Mandelblit Won’t Release Netanyahu-Mozes Tapes

YERUSHALAYIM -
Attorney General of Israel, Avichai Mandelblit arrives to speak at Netanya Academic College on Monday. (Roy Alima/Flash90)

The man responsible for unleashing the firestorm over the prime minister’s office sought to bring it under control on Monday.

Attorney General Avichai Mandelblit, who gave police the go-ahead to investigate suspicions of bribe taking and influence peddling on the part of Prime Minister Binyamin Netanyahu, on Monday night refused to authorize the release of the recordings of secret talks Netanyahu had with Yediot Acharonot publisher Arnon Mozes, saying it could jeopardize the investigation. He did not rule out releasing them at some later date.

Leaked reports of the Netanyahu-Mozes recordings, in which they were said to be negotiating a deal to, among other things, reduce the competition from Yisrael Hayom and the relentless criticism of Netanyahu in Yediot Acharonot, have inflamed local media for weeks.

In a speech at the Netanya Academic College on Monday, Mandelblit defended the state’s handling of what has become one of the most sensational cases in Israeli political history:

“We made a strategic decision which I believed was very right. Today, the head of the Israel Police’s Investigations and Intelligence Division, the state prosecutor and I are of the same mind that the decision was well-meditated, right and justified,” the attorney general said.

“In recent months, police acted thoroughly and meticulously to check every claim and every suspicion that arose in those cases. In every realm where allegations of violations arose, all necessary actions were taken to get at the truth. In some cases, these actions led to the allegations, as we announced a short time ago. Sometimes, those investigative activities revealed additional claims requiring clarification that were in turn examined. The police acted all the while in coordination with me and with the state prosecutor to take the necessary actions.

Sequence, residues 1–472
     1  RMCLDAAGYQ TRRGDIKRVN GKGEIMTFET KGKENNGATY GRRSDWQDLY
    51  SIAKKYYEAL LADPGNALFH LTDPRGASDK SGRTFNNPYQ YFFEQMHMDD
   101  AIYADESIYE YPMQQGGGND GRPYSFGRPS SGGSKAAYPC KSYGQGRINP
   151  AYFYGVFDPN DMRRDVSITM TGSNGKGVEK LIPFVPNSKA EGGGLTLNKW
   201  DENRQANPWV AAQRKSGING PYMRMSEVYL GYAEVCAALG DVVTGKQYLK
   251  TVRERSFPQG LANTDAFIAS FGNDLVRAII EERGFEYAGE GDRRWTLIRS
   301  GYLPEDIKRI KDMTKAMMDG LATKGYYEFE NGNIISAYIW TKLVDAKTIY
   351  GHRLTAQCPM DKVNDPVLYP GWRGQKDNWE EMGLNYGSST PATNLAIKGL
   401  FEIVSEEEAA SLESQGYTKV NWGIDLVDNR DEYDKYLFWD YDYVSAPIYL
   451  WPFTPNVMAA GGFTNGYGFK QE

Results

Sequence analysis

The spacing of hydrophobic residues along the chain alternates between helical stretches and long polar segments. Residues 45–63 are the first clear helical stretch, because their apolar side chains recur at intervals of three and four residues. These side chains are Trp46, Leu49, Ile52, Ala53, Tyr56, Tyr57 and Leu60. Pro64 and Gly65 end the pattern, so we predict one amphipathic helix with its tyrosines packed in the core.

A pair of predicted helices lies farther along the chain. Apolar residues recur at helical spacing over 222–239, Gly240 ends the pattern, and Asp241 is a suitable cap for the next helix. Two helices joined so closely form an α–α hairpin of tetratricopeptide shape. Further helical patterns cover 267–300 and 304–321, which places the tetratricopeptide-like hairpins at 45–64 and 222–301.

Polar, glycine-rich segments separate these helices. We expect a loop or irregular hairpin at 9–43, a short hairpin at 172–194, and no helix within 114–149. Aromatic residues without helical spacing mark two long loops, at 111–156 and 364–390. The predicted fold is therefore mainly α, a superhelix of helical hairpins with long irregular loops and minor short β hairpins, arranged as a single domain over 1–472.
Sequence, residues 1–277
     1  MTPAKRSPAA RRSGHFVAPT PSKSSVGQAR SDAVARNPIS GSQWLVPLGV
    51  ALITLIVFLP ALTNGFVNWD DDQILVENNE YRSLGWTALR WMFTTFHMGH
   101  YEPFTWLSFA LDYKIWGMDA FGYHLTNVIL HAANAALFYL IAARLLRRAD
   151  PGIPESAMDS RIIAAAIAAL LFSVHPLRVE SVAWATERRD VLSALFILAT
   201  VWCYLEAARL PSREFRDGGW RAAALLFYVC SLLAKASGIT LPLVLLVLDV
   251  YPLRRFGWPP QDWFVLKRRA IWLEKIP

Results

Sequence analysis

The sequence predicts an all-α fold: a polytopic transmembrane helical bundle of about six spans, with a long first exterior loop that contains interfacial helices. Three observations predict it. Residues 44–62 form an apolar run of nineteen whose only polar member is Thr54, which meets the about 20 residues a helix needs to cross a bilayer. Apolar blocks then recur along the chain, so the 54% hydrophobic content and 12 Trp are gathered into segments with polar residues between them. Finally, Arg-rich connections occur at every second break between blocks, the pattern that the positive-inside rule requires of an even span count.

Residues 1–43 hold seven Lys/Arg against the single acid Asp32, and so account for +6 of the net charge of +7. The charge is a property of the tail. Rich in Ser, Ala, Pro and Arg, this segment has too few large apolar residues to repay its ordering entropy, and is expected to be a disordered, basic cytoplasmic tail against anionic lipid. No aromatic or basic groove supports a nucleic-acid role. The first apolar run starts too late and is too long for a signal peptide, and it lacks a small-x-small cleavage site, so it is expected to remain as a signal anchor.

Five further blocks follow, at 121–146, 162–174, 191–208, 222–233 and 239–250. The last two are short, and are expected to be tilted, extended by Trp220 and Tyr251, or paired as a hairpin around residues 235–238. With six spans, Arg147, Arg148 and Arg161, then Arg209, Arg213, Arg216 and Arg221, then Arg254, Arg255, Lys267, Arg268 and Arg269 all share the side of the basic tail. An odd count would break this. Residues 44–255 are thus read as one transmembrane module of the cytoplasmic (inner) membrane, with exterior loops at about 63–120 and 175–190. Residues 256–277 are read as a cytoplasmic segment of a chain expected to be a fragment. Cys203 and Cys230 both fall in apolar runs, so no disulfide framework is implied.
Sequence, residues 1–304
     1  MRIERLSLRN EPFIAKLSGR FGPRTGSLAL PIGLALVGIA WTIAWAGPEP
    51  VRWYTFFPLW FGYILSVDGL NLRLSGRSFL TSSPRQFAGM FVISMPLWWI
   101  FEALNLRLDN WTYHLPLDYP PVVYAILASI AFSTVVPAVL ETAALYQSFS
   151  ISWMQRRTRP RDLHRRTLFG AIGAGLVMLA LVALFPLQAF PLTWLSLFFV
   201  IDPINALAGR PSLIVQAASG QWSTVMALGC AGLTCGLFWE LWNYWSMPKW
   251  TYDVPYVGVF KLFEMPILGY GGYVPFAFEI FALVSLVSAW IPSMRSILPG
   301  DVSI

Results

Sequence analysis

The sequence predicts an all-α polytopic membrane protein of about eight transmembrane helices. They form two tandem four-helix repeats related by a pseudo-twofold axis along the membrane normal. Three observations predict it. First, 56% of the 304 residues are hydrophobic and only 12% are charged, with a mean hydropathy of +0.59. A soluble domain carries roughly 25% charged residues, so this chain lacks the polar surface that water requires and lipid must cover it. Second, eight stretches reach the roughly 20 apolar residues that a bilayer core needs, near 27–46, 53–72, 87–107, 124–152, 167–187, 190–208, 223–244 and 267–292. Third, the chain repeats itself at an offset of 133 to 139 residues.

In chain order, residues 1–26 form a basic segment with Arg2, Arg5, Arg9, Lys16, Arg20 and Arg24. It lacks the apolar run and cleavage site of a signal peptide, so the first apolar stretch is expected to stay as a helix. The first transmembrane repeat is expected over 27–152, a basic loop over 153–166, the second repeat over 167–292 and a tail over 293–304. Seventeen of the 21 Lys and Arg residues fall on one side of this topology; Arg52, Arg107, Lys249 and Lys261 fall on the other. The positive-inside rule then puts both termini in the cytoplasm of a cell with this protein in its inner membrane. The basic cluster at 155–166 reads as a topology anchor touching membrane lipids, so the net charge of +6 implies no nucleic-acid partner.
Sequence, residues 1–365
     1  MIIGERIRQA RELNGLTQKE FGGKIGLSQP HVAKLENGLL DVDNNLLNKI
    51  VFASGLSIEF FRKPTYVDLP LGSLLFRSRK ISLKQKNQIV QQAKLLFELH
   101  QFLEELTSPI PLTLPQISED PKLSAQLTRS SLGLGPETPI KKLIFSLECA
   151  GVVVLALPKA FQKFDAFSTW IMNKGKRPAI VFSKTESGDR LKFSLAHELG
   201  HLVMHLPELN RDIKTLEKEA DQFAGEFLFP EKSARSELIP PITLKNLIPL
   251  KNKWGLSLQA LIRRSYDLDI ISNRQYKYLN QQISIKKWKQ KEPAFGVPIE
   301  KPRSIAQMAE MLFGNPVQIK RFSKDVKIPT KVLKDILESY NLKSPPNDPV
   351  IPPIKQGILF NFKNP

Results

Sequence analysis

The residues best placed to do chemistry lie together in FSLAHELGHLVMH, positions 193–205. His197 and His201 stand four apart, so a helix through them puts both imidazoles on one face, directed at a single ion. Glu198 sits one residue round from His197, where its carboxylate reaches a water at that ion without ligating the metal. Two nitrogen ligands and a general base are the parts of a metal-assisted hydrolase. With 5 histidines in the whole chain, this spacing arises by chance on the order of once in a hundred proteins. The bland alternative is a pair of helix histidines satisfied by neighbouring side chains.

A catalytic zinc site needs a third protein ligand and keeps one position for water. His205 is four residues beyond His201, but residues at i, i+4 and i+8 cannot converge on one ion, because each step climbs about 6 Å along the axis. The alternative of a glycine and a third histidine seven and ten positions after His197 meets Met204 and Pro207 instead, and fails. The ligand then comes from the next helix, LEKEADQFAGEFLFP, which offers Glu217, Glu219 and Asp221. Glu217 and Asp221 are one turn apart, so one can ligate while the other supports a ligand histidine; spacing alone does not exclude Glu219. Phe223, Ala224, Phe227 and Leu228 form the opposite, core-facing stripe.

“The testimonies of scores of principals were collected, including abroad. When necessary, additional actions were required to investigate complaints. The only consideration taken into account was the best interests of the investigation,” said the attorney general.

“I state here most clearly — I and my people, led by the state prosecutor and members of the Israel Police, led by the head of Investigations and Intelligence, will continue to act in these cases solely from professional considerations, with one single goal — to reach the truth and maintain the rule of law. This is the only way we know. This way, and no other. And we will not deviate from it one iota. We close the windows on Saladin Street, and focus on the work of law enforcement — background noises from the outside of those who seek to divert us from our goal do not enter, nor influence. These are foreign considerations. They must not affect us,” Mandelblit stated.

“The prosecution of the state of Israel is independent and impartial, regardless of the identity of the suspect,” he declared.

Opposition leader Isaac Herzog (Zionist Camp) said, “These are difficult days for democracy in Israel, but also days of cleaning and exposure. There is no doubt that our democracy is strong and will withstand this. It is important to say and emphasize that the political system is not corrupt to the core and neither are journalists and the media, because there are good and powerful forces working to right these wrongs.”

Herzog also hinted at worse revelations to come:

“… Netanyahu has shown himself to be a merchant of Israeli democracy, which he treats as his private property. Every Israeli citizen should be concerned by the image of Israeli democracy and by Netanyahu’s other exploits that have not yet been exposed.”